You shall sow your land for six years and gather in its yield, but the seventh year you shall let it rest and lie fallow, so that the needy of your people may eat; and whatever they leave the wild animal may eat.

Lev 25:4-5 rearticulates and particularizes this law.

But during the seventh year the land shall have a sabbath rest, a sabbath belonging to Yahweh; you shall not sow your field nor prune your vineyard. Your harvest’s after growth you shall not reap and the grapes of your untrimmed vines you shall not gather, the land shall have a sabbatical year.

In early Israel, fallowing was the primary means by which the land’s fecundity was protected for the next generation. We also find evidence that crops and fields were regularly rotated such that livestock (complete with their nitrogen and phosphorous-rich manure) were grazed upon fallowed fields, and the continuous cultivation of a single crop in the same field was avoided. Thereby, the systemic depletion of soil nutrients and proliferation of pests and diseases specific to particular crops were avoided as well (See Richter, “Environmental Law in Deuteronomy, BBR 20.3 [2010] for further discussion). Then as now, such farming practices limited short-term yield. But they insured the longterm fecundity of the land which thereby provided for the marginalized who lived upon it. These laws of land-protection were taken so seriously in the ancient world that Job names abuse of the land as a valid reason for God to curse him (Job 31:38-40); and God states that one reason for the exile was the nation’s failure to fallow (Lev 26:34-35, 43). Thus in Israel, in contrast to the consumer culture in which we live, God’s people were commanded to operate with the long range fertility of the land as their ultimate goal. They were instructed to leave enough so that the land might be able to replenish itself for future harvests and future generations—even though such methods would cut into short-term profits. Why? “Because I am Yahweh says your God … and the land is mine” (Lev 25:17, 23). When I ponder these laws my mind immediately moves to the nearly 2 million acres a year of American land that is being paved in the noble quest of urban sprawl, the five-acre-a-minute loss of Canada’s boreal forests for catalog paper production, the lunar landscapes in Eastern Kentucky resulting from “mountain top removal” coal mining, and the 1.5 acres of rainforest devoured per second for short-range economic gains. And I wonder … if this land, this planet, is actually God’s, and we are only its stewards, why is it that we feel free to consume it in such a reckless fashion? Next entry: the land and the poor. Sandy Richter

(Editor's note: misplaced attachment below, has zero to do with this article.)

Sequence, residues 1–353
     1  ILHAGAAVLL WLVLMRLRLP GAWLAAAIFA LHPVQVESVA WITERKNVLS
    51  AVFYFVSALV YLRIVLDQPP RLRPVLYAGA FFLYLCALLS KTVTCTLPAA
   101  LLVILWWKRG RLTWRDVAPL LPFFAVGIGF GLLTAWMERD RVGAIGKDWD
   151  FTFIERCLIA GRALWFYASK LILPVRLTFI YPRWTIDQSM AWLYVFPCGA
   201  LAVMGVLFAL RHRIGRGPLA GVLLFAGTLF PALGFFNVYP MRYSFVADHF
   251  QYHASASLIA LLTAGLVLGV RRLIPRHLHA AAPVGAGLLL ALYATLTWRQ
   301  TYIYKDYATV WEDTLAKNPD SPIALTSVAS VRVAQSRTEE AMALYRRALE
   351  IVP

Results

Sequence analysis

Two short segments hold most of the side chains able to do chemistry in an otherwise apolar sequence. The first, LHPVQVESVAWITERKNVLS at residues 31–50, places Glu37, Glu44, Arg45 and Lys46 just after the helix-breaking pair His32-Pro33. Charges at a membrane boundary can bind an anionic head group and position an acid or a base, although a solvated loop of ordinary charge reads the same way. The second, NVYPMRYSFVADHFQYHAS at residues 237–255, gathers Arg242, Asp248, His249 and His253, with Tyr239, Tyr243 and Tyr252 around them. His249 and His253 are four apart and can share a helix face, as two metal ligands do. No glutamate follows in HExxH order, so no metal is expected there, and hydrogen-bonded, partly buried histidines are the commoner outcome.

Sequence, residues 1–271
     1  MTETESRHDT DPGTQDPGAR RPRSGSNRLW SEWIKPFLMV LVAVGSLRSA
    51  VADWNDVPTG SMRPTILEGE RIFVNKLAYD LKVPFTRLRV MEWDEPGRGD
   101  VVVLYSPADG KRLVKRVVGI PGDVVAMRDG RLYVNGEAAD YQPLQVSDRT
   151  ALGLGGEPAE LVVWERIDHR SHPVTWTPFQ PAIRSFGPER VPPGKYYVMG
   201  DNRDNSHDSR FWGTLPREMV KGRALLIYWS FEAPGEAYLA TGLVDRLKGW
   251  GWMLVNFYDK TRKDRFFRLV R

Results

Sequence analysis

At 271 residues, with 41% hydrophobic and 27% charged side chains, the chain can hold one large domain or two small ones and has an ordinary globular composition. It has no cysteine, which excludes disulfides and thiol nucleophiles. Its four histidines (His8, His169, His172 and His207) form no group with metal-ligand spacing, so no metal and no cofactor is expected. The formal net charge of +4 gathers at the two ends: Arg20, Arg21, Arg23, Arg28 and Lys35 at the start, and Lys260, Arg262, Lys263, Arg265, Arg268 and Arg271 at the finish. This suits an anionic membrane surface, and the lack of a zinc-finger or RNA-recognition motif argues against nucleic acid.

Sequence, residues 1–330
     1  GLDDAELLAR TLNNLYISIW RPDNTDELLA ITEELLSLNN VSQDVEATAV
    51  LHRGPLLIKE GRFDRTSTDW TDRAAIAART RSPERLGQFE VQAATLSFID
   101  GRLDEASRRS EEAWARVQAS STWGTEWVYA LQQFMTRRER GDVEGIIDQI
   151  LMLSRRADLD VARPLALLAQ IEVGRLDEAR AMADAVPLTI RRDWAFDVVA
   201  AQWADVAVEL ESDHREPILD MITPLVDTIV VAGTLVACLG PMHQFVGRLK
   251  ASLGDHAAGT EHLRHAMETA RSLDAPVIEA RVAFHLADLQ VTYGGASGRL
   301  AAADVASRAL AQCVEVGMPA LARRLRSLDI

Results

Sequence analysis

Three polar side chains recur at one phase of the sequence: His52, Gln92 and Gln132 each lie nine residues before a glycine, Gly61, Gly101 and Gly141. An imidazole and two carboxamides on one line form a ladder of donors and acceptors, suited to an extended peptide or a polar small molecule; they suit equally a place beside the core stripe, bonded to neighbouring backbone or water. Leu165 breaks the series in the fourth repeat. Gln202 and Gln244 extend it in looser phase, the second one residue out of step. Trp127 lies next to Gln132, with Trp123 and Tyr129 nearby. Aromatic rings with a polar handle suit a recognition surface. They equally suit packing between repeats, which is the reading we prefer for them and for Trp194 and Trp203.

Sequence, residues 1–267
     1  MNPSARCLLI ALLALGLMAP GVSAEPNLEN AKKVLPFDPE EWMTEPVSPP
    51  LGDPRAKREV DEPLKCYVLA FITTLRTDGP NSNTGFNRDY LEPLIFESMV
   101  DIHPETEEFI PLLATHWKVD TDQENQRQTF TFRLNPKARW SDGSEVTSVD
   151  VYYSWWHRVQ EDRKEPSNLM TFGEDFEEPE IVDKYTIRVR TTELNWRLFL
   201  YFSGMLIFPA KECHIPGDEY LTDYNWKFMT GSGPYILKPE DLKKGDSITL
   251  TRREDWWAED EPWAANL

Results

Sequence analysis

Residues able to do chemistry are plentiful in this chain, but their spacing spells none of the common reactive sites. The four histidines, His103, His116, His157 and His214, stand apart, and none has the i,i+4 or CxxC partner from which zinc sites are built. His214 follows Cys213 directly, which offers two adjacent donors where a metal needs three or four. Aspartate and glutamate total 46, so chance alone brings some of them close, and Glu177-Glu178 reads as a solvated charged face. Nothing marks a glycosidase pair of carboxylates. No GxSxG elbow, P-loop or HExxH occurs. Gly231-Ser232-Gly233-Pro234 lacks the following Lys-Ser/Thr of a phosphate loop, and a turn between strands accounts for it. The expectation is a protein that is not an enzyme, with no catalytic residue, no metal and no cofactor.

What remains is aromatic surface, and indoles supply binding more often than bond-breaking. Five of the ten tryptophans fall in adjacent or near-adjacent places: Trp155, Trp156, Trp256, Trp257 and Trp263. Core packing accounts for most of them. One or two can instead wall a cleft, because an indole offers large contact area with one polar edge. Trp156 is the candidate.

Sandra Richter is Professor of Old Testament at Wesley Biblical Seminary and Affiliate Professor of Old Testament at Asbury Theological Seminary. She is a graduate of Gordon-Conwell Theological Seminary and Harvard University’s Near Eastern Language and Civilizations department. She is a popular speaker and has published on an array of topics. Her most recent book is The Epic of Eden: A Christian Entry into the Old Testament (InterVarsity Press, 2008).